I refused to let Tourette's syndrome stop me from becoming a TV presenter

‘People think we’re saying c**t, f**k, and s**t all the time,’ says Aidy Smith, presenter of Amazon Prime Video’s The Three Drinkers, one of the few TV hosts living with Tourette’s syndrome.

No-hold bars swearing is one of the greatest misconceptions many of us have of people with Tourette’s and could explain why you don’t find many Aidy Smiths on your television.

But the 29-year-old took matters into his own hands, and instead of waiting for the phone to ring, praying the right job would come along, he wrote his own story instead.

Described as a ‘21st century Top Gear about booze,’ The Three Drinkers sees Aidy joined by co-hosts Helena Nicklin and Colin Hampden-White taking a deep-dive, figuratively speaking, into the world of whiskey.

Together, the trio funded Three Drinkers, produced Three Drinkers, it’s been sold to 172 territories worldwide and they’re about to film their second series.

But you’d probably get lost trying to find a single viewer who picked up on Aidy’s tics. When the cameras start rolling, they take a back seat.

‘On camera, it completely disappears,’ he tells Metro.co.uk. ‘We have a lot of excess energy that goes into those tics and when we’re doing something we really love, I like to call it our superpower, all of that excess energy is diverted away from the tics and goes into the thing we’re actually doing and we really focus. 

‘So the minute I’m presenting a masterclass or a corporate talk or I’m on camera it absolutely disappears.’

While Aidy appears to be brimming with confidence now, growing up that wasn’t always the case.

‘I was diagnosed around about seven-years-old and at that time I developed a whooping noise,’ he recalls.

‘I remember having a pretty severe neck twitch where I threw my neck backward and that gave me severe pain, and then I developed a sniffing twitch as well. 

I thought, no one’s ever going to accept me on TV, I’m never going to get anywhere with this

‘It slowly developed where it got to the point when I got the vocal tic and the neck tic. That’s when my parents realised there was something really up here.’

‘I thought, no one’s ever going to accept me on TV, I’m never going to get anywhere with this,’ he continued.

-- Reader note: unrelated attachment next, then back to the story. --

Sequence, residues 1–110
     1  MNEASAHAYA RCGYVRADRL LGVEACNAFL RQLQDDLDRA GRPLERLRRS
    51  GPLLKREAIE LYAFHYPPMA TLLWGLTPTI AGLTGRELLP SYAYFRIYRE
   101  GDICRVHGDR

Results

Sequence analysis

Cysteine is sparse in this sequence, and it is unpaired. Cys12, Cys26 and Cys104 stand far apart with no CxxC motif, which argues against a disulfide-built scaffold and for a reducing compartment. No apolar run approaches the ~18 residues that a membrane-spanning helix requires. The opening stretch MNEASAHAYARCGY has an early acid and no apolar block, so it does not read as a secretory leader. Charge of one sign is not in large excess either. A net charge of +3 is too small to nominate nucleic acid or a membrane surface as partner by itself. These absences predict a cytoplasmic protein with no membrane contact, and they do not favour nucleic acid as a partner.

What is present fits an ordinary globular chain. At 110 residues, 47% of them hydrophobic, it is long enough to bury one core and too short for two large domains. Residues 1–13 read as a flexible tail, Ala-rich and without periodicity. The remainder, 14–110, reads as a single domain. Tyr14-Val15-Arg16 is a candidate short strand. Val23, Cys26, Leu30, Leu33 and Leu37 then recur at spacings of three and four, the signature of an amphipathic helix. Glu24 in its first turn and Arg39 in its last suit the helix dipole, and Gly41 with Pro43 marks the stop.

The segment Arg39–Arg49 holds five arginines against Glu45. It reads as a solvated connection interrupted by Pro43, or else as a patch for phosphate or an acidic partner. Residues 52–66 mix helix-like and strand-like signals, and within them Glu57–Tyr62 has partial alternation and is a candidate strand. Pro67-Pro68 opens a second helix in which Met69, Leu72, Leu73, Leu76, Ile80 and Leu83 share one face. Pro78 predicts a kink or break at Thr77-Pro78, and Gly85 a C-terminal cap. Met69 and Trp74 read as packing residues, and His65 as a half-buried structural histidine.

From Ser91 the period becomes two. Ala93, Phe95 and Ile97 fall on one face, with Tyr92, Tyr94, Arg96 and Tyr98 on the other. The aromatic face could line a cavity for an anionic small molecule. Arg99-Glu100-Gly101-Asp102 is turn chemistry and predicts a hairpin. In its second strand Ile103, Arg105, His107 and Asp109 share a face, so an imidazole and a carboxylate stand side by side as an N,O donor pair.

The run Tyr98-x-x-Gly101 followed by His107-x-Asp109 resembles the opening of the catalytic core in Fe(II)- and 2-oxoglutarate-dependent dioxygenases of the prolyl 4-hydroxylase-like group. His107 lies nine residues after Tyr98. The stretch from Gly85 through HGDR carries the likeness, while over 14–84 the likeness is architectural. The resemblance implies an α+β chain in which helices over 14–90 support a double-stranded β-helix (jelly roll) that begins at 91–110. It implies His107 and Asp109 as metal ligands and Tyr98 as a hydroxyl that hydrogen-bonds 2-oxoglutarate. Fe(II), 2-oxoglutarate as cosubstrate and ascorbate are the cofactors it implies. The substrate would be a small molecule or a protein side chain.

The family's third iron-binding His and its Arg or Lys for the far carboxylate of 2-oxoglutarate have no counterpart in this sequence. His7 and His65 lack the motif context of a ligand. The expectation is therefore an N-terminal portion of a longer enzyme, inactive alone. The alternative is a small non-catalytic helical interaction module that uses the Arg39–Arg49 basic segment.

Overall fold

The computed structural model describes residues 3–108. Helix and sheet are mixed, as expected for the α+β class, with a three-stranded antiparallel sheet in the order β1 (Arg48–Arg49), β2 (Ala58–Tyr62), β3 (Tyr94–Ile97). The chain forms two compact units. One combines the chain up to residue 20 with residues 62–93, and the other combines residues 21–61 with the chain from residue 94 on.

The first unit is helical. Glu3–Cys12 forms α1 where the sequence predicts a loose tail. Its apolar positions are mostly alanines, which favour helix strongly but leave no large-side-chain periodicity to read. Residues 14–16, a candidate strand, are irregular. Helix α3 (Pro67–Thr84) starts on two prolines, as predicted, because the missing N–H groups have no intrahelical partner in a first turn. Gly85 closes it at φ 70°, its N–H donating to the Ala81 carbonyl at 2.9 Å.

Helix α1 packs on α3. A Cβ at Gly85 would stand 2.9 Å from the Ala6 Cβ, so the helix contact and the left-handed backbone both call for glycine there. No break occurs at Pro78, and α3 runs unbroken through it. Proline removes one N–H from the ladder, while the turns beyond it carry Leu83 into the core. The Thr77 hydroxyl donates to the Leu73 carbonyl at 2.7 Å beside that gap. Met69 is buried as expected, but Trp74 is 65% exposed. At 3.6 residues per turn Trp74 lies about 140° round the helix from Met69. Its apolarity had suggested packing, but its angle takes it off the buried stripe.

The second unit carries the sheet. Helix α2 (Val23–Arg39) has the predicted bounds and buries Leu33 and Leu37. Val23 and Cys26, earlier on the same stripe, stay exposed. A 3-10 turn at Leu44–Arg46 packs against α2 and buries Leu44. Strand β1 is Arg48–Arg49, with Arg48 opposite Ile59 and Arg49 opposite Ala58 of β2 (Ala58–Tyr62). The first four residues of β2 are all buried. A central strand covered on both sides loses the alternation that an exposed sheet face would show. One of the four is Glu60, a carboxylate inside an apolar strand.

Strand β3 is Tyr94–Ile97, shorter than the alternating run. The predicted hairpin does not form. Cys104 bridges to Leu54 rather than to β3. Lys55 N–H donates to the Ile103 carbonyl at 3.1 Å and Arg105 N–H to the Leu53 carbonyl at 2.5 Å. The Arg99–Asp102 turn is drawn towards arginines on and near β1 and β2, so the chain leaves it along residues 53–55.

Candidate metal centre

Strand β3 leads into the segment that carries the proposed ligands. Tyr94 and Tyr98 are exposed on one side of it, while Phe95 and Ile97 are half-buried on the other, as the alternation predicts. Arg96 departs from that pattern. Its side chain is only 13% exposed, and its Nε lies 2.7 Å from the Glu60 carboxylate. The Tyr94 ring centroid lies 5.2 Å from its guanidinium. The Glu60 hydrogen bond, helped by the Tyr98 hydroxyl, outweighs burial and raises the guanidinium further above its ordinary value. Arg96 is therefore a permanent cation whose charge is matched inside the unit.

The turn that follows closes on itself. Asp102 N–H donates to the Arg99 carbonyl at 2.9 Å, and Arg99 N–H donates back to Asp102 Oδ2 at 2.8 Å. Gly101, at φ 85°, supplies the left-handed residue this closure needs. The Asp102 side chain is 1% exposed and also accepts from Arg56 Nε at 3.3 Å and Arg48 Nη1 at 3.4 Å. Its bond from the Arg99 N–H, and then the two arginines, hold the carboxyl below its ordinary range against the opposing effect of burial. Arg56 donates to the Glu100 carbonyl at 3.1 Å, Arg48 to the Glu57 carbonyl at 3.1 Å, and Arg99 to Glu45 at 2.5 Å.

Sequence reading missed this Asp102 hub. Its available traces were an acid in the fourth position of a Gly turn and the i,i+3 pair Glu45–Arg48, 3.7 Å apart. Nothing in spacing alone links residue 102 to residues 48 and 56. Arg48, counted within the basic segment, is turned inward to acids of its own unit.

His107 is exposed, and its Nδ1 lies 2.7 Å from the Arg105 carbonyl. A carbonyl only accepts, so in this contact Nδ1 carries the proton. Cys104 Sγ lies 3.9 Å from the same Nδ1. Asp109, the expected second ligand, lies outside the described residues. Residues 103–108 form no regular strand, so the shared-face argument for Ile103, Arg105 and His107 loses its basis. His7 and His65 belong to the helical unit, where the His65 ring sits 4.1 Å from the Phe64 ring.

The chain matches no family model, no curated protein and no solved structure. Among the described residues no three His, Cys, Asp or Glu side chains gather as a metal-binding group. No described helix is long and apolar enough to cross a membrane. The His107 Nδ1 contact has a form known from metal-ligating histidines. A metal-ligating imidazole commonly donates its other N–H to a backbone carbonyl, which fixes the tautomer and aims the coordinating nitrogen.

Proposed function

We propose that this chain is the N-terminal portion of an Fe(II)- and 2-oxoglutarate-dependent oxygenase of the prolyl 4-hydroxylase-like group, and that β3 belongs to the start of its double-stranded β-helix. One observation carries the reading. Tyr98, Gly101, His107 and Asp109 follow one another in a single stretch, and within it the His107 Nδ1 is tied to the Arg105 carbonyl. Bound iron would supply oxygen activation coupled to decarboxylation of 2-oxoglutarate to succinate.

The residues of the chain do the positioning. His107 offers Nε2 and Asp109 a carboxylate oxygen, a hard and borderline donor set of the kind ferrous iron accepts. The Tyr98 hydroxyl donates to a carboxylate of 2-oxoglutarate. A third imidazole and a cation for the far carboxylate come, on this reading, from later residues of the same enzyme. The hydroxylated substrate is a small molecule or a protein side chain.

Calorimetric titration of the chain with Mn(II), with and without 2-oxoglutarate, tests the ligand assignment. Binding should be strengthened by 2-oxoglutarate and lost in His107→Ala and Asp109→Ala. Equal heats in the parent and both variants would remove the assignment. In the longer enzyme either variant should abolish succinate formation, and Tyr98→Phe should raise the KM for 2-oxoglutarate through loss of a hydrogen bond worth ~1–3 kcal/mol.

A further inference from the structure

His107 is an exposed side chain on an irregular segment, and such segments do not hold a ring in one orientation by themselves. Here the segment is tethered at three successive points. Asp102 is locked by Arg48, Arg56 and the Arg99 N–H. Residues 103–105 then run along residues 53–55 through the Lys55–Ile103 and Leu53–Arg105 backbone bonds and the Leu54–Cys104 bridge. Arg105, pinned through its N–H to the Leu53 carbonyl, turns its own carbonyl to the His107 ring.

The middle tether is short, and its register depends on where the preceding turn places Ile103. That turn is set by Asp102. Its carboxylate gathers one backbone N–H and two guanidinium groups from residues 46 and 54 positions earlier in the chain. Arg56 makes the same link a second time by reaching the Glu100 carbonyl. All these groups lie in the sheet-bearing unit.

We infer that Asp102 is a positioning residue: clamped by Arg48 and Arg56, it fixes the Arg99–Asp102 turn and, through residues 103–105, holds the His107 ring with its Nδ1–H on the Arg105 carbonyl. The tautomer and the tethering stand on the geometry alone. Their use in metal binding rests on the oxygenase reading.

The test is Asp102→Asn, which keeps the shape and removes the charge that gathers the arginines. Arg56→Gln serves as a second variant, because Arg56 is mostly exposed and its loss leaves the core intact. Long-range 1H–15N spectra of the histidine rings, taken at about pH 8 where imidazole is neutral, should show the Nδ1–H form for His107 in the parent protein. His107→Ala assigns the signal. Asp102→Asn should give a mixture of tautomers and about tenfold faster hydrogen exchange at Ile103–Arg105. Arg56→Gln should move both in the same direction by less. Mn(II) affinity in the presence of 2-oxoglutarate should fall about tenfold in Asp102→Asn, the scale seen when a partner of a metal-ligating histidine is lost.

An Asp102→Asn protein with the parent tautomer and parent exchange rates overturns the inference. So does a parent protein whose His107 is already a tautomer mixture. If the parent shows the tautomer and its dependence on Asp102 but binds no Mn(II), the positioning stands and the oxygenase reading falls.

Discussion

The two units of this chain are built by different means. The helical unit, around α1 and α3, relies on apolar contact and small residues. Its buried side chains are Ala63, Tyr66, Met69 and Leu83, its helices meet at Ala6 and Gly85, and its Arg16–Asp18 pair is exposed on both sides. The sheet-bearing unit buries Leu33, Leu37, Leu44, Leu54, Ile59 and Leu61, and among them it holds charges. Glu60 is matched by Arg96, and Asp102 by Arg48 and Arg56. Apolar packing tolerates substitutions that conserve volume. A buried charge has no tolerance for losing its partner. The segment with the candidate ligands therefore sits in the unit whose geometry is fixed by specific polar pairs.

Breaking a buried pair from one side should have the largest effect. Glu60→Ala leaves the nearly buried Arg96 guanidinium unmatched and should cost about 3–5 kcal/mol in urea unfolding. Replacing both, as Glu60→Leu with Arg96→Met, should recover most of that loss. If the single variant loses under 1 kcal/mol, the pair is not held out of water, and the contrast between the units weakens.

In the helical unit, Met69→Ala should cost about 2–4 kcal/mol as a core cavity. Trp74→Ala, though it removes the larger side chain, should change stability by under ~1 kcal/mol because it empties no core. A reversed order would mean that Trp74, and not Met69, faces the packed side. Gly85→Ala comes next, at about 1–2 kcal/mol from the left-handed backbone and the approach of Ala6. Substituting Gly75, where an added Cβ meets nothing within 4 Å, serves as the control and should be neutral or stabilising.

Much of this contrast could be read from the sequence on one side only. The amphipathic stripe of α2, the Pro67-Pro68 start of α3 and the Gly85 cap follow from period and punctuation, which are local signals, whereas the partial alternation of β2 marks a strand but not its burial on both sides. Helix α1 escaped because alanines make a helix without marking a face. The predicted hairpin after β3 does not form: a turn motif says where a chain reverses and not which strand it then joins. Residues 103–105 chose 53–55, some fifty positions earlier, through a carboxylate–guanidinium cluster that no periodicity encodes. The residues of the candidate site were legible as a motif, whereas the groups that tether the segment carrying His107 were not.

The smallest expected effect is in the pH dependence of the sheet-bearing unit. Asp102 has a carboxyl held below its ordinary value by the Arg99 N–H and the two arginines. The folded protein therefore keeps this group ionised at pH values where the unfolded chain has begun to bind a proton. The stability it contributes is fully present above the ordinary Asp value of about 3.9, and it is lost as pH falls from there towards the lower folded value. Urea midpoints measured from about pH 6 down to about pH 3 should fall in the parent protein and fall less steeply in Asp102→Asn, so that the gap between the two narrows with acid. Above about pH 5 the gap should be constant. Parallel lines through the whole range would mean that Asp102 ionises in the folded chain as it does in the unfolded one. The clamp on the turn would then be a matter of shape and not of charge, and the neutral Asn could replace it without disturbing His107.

‘I was still part of an acting school, but I gave that up. When I was on stage it was fine because the Tourettes just disappears when you’re focusing on something, but when your back stage and you’re a kid and your hormones are all over and you’ve got mass anxiety because all the other kids are giving you grief – if you make a really loud noise the audience might hear and ruin the play. 

‘There’s so much stress.’

These days, however, Aidy has learned to embrace his Tourette’s, using his platform to spread awareness – not just of Tourette’s, but the many mistruths about tics that are still widely accepted.

For anyone living with involuntary tics, it’s not just vital they know they’re not alone but they can still achieve anything they want to. 

Aidy is exactly what he preaches; living proof that tics aren’t the be all and end all. 

‘I had an epiphany over a year ago because of the TV series and the work I’ve been doing to build up my personality – I’ve got a platform,’ he enthuses.

‘I’ve come across loads of hurdles in life and for me I just make things happen.’

As for what’s next, Aidy’s not slowing down.

‘The next step is to produce more TV shows and also to be able to raise awareness of Tourettes, but to raise awareness of the accuracies of Tourettes for the 100 percent and not just the story for the media.’

The Three Drinkers Do Scotch Whisky is available to stream on Amazon Prime Video. To hear more from Aidy, follow him on Instagram here.

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